Archive for the ‘Economics’ Category

Humanity’s Most Complex Creation

January 31, 2008

Take a look around your house. Take a look at what you are wearing. Take a look out your window.  No matter where you are, from the biggest industrialized city to the smallest rural village, you are surrounded by economic activity and its results.  Twenty-four hours a day, seven days a week, the planet is abuzz with humans designing, organizing, manufacturing, servicing, transporting, communicating, buying, and selling.

The complexity of all this activity is mind-boggling.  Imagine a small rural town, the kind of quiet, simple place you might go to escape the hurly-burly of modern life.  Now imagine that the townspeople have made you their benevolent dictator, but in exchange for your awesome powers, you are responsible for making sure the town is fed, clothed, and sheltered each day.  No one will do anything without your say-so, and therefore each morning you have to create a to-do list for organizing all the town’s economic activities.  You have to write down all the jobs that must get done, all the things that need to get coordinated, and the timing and sequence of everything.  No detail is too small, whether it is making sure that Mrs. Wetherspoon’s flower shop gets her delivery of roses or that Mr. Nultey’s insurance claim for his lumbago is processed.  Even for a small town, it would be an impossibly long  and complex list.

Now think of what a similar to-do list might look like for managing the global economy as a whole.  Think of the trillions of intricately coordinated decisions that must be made every minute of every day around the world to keep the global economy humming.  Yet, there is no one in charge of this to-do list.  There is no benevolent dictator making sure that fish gets from a fisherman in Mozambique to a restaurant in Korea to provide the lunch for a computer worker who makes parts for a PC that a fashion designer in Milan uses to design a suit for an interest-rate futures trader in Chicago.  Yet, extraordinarily, these sorts of things happen every day in a bottom-up, self-organized way.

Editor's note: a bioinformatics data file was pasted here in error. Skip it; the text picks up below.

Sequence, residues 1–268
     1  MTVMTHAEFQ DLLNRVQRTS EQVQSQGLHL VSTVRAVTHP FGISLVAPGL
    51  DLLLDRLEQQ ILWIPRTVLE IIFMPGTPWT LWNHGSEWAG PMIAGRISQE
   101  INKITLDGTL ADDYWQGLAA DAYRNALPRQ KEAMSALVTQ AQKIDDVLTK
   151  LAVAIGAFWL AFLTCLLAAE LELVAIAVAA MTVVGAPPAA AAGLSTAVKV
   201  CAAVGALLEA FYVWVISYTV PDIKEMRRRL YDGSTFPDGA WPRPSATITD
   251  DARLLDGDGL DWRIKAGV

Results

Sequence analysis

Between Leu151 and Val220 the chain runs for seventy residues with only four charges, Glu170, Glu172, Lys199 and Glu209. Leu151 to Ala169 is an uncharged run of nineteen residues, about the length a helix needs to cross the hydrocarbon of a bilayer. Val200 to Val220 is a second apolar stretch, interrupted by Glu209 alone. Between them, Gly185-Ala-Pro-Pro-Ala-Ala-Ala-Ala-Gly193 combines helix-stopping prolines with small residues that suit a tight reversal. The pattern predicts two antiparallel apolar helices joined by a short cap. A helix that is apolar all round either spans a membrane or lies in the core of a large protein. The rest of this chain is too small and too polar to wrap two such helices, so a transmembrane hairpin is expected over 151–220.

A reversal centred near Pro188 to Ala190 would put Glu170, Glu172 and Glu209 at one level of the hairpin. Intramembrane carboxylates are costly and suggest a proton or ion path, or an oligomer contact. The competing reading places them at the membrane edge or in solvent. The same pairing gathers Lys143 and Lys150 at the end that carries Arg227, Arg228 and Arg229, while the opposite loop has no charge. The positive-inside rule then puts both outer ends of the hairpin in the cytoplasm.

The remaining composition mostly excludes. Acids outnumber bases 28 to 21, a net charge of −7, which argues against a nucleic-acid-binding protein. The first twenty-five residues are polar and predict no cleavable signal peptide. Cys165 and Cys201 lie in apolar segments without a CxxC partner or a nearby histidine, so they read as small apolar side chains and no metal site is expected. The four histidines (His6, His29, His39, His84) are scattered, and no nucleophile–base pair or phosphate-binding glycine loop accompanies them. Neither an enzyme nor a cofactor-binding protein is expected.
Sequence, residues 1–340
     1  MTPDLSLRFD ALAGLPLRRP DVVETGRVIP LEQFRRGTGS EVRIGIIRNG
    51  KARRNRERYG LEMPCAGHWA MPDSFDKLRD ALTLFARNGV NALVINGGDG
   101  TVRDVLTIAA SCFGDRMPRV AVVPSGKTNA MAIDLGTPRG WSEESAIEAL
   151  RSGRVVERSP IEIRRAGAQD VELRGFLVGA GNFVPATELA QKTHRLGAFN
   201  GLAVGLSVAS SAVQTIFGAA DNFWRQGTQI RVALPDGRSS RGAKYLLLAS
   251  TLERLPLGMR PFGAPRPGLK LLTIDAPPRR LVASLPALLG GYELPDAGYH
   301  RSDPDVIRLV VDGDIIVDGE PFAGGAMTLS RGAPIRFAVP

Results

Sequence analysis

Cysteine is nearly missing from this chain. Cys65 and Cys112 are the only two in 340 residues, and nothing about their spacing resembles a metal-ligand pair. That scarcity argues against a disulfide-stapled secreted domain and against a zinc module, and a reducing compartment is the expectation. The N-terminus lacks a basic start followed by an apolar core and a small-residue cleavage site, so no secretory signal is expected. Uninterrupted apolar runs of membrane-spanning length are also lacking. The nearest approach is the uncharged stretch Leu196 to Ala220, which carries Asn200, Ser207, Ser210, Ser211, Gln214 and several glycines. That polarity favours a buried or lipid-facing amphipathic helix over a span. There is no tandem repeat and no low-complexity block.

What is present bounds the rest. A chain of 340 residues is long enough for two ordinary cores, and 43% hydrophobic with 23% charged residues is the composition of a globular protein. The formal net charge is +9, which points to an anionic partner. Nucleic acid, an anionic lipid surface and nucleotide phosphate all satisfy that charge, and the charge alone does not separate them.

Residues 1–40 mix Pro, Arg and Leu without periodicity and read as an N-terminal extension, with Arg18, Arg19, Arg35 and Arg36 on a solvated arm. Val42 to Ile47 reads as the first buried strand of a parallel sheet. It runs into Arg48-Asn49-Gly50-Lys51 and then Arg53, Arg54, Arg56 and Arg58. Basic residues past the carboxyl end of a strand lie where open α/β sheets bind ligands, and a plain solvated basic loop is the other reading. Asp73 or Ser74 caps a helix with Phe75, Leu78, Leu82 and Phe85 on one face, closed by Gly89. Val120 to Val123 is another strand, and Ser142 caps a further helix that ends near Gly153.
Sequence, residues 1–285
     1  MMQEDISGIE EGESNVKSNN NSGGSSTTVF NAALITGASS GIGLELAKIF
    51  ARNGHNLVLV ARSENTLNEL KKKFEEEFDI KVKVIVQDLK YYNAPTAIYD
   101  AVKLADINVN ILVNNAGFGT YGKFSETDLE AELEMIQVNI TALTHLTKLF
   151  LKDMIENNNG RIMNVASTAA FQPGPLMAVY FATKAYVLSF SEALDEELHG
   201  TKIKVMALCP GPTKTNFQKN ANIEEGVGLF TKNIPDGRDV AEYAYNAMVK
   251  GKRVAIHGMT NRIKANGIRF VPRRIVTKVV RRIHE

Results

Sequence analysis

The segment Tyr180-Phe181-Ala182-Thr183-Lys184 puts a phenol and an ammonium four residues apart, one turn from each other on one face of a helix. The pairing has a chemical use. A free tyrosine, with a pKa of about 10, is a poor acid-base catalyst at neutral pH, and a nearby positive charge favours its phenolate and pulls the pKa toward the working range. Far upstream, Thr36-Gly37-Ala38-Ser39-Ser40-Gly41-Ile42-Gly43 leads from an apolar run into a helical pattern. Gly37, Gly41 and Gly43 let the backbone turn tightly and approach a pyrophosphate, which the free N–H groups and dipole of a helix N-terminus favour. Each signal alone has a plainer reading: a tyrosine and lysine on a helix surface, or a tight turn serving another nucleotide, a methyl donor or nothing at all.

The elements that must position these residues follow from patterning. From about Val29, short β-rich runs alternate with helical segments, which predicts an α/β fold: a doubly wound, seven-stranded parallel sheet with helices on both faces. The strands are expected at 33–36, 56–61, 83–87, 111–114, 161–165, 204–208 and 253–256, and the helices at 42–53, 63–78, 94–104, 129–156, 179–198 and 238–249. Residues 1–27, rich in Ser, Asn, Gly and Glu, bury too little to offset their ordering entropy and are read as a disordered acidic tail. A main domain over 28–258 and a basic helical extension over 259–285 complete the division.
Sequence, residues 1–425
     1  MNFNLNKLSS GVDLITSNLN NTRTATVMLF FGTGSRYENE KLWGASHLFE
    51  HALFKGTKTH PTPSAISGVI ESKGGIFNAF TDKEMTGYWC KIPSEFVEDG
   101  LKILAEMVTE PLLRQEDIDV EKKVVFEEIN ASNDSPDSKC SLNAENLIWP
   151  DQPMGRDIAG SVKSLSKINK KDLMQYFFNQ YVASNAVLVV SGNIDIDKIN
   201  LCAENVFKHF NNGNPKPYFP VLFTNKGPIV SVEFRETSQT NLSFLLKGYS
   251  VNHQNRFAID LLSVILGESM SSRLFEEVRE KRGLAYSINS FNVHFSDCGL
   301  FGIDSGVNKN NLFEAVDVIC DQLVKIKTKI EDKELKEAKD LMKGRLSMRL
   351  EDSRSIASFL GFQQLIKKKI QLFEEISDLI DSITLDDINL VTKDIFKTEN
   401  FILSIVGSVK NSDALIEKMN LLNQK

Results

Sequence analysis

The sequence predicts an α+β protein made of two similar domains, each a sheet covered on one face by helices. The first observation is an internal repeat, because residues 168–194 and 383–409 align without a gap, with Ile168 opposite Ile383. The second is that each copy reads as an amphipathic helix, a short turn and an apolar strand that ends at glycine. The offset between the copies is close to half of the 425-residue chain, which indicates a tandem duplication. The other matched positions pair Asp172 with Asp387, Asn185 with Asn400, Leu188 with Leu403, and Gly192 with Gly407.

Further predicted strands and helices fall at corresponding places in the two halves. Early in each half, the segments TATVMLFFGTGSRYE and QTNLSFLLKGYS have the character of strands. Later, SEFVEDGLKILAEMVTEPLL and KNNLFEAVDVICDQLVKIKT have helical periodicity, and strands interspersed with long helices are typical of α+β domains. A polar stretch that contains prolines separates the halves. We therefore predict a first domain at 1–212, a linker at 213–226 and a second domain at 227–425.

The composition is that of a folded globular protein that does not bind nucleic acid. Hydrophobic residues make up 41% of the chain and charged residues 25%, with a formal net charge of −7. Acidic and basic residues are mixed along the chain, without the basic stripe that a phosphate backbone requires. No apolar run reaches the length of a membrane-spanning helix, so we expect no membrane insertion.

It is clear that the global economy is orders of magnitude more complex than any other physical or social structure ever built by humankind.

The Origin of Wealth by Eric D. Beinhocker

Fallacy of Tariffs as an Economic Advantage

December 3, 2007

Suppose that in our country we import woolen sweaters from country A, and the sweaters sell for $25.

The local sweater industry petitions the government to impose, say, a $5 tariff (duty) on the imported sweaters. They argue that they cannot produce woolen sweaters for $25 and need this tariff in order to compete with country A. So, the government imposes a tariff.

As a result, the local sweater industry is able to employ many people. However, the consumers now pay $30 for the same quality sweater. The consumers no longer have that $5 to spend on other things. Thus the local sweater industry thrives, but a hundred other industries shrink.

You can see the sweater employees going to and from the factory each day, and you think, “The tariff was a good idea, it has given employment to people in our country.” But you don’t see the hundred other industries that have shrunk and all the lost jobs from that.

— Extracted from Economics in One Lesson by Henry Hazlitt

We see this cognitive error recurring over and over: humans focusing on what they can immediately see, and failing to consider those things that are not immediately or easily visible. See Cognitive error: acting on only what is immediately visible

The number of economic choices the average New Yorker has is staggering

August 31, 2007

“The number of economic choices the average New Yorker has is staggering. The Wal-Mart near JFK Airport has over 100,000 different items in stock, there are over 200 television channels offered on cable TV, Barnes & Noble lists over 8 million titles, the local supermarket has 275 varieties of breakfast cereal, the typical department store offers 150 types of lipstick, and there are over 50,000 restaurants in New York City alone.”